With 2012 approaching, we’re preparing for a new release from Red Line D.C. Editing is currently underway for See Something, Say Something (working title), a short film about the indirect relationship between graffiti writers who get up on the red line and the commuters who ride it everyday. In the weeks past we’ve been reviewing interviews, and archiving photos from “the Line” which a handful of writers have been kind enough to share. Here are a few snapshots that graffiti writer Nepal sent our way to give you a sense of what’s to come.
Looking Back at Our Red Line Ride
This past weekend, five brave souls set their sights on the red line to talk about the metro and art. It was an experiment in filmmaking and community dialogue. We took the risk of approaching strangers and asking them to take a new look at their environment. We asked commuters about their red line histories, experiences riding and interest–if any–in the graffiti that greets them each day. The responses were varied and the results of our little adventure were surprising to all involved. In the days since our all-day shoot, here’s what the small and energetic crew behind Red Line D.C.‘s commuter interviews has had to say about the whole weekend excursion:
I think it was interesting how we were worried about approaching folks, but some people reacted really warmly. It’s an important reminder that filmmaking is a two-way street. We’re not just taking, but there is an exchange …
– Julie Espinosa, videography
I was pleasantly surprised by how open and receptive most people were about talking to us and being filmed; the friendliness of red liners! And, people gave really thoughtful answers, not just yes or no.
– Jada Smith, interviewing
In general, I was surprised at people’s willingness to talk in such an open space. I only spoke with a couple people, but I was also surprised at how overwhelmingly negative their attitudes towards graffiti were. I mean, I guess my own opinions aren’t a good barometer, but … it seems like people were just forming their opinions [about graffiti on the metro] without discussing at all … They just may not have all the sides to the story.
– Mebrahtu Grmai, videography
The few people I was able to interact with, actually had a lot more to say than I expected. It almost felt like people are quiet, but when given a chance to express themselves, they really open [up]. [In] my experience with the metro people are quiet, looking down, minding their own business (as much as possible), but that day, the 2-3 people I got to see or talk to, opinions just started flowing out.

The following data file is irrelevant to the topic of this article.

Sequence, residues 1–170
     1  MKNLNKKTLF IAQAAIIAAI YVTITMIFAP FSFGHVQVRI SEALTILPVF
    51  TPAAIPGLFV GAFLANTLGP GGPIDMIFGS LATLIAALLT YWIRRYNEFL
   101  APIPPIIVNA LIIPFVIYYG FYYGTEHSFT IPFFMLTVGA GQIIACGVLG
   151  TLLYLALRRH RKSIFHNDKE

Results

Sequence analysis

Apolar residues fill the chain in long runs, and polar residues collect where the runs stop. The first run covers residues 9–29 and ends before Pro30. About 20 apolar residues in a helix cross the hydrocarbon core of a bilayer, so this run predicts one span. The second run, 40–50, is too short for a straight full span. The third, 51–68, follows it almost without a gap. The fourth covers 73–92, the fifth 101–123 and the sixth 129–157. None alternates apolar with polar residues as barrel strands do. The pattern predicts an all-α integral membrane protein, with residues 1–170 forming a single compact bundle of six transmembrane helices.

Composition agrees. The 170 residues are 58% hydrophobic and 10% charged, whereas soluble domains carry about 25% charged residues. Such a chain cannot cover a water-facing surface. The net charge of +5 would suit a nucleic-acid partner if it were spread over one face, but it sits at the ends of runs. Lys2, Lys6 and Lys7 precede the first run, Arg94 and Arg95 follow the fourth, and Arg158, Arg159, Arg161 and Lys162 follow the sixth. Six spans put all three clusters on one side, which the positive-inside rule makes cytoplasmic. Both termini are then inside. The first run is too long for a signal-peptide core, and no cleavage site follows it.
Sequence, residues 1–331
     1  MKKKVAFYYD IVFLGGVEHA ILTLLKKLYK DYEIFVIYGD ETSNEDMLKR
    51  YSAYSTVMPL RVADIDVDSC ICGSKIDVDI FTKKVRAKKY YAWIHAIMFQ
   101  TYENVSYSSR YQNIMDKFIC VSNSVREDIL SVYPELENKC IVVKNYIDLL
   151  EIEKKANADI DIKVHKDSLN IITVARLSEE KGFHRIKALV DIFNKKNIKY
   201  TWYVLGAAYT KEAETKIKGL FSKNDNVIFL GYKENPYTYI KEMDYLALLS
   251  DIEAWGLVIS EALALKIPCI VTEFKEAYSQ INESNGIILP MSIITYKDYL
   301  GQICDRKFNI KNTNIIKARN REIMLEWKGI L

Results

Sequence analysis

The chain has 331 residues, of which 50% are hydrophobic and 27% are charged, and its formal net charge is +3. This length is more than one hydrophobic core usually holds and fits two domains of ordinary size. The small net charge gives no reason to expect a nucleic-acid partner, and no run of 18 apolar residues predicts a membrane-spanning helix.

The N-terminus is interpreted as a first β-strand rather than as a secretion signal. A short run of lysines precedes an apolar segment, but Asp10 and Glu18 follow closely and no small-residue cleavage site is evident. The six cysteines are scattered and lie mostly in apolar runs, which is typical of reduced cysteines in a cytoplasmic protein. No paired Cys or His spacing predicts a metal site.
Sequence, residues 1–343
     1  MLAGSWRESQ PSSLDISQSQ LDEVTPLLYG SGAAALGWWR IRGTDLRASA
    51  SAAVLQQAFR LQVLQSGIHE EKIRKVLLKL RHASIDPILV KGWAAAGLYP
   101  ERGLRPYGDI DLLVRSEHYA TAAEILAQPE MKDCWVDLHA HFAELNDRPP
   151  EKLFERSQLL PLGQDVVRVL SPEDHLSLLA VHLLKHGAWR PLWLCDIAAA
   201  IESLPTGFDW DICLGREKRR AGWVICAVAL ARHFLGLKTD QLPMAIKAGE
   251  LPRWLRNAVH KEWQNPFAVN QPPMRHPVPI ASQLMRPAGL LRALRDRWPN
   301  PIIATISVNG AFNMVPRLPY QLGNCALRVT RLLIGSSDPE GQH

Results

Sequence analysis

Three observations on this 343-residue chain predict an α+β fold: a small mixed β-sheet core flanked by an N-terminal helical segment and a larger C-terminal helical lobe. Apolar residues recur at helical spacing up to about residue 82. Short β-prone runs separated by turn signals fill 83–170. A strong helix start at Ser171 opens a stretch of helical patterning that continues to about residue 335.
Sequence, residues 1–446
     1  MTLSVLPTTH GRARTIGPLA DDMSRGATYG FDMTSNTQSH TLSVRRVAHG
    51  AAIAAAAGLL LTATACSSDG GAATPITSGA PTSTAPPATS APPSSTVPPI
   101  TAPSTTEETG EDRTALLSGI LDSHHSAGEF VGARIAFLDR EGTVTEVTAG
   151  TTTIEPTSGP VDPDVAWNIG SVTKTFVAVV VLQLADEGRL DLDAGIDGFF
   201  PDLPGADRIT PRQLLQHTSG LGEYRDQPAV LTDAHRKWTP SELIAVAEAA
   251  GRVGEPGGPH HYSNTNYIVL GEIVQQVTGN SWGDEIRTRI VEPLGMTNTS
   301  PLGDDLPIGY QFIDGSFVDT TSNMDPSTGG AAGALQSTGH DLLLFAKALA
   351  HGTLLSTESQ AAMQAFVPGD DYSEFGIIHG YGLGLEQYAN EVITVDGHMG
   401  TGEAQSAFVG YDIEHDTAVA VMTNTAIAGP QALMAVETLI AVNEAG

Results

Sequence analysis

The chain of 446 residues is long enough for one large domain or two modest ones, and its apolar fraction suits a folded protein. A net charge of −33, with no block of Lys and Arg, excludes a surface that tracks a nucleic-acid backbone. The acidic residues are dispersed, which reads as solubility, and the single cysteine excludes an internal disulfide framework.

– Philippe Bissohong, interviewing
I enjoyed soaking up the metro experience in a group. It attracted a lot of attention, but in ways that allowed us to spark conversations with curious commuters. Announcing to a packed train that you are doing a metro graffiti documentary is probably the biggest ice breaker I can think of … Once the initial “we’re-transit-strangers-so-we-shouldn’t-speak” awkwardness passed, I was surprised by how many people we’re willing to share their points of view.
– Saaret Yoseph, directing
(Wo)Man on the Street: Talking to Commuters on the Red Line
Today, we’re hopping the train and hitting the red line all day for impromptu interviews with commuters. We’ll be canvassing from Union Station metro all the way to Silver Spring, talking to riders along the way about their metro experience and the open space art along their route. Since weekend service on the D.C. metro usually means a longer wait time, passengers may be more willing to kill time by talking to us. Man on the street interviews tend to be a tricky trade-off in the documentary game, but we know the commuter perspective is an important part of capturing the red line’s story. Not just today, but throughout the course of this project.
Commuter Serena McClain offers a great example of the sort of public participation we’re looking for. Here’s what she had to say on her blog about her red line experience and the public art she’s encountered along the ride:
I find myself on the red line once every few weeks, usually commuting from DC to a meeting in Silver Spring, and despite all of the drama surrounding red line delays, I always look forward to the trip. Instead of burying my head in a book, I’m always treated to an ever-changing art show along the tracks … Despite the fact that I sit on the fence about whether “approved” graffiti takes something away from the people, you can’t deny that these murals are beautiful. You also can’t deny that talented artists deserve a platform from which to be seen.
We appreciate Serena’s input on red line aesthetics. (Check out her supporting slide show here.) We also hope others feel compelled to share with us. If we catch you on the red line today, be sure to greet us with a smile and an open mind. We’re aching to hear from you, if not out there on the line then online is the next best thing. Email us your thoughts at email@example.com .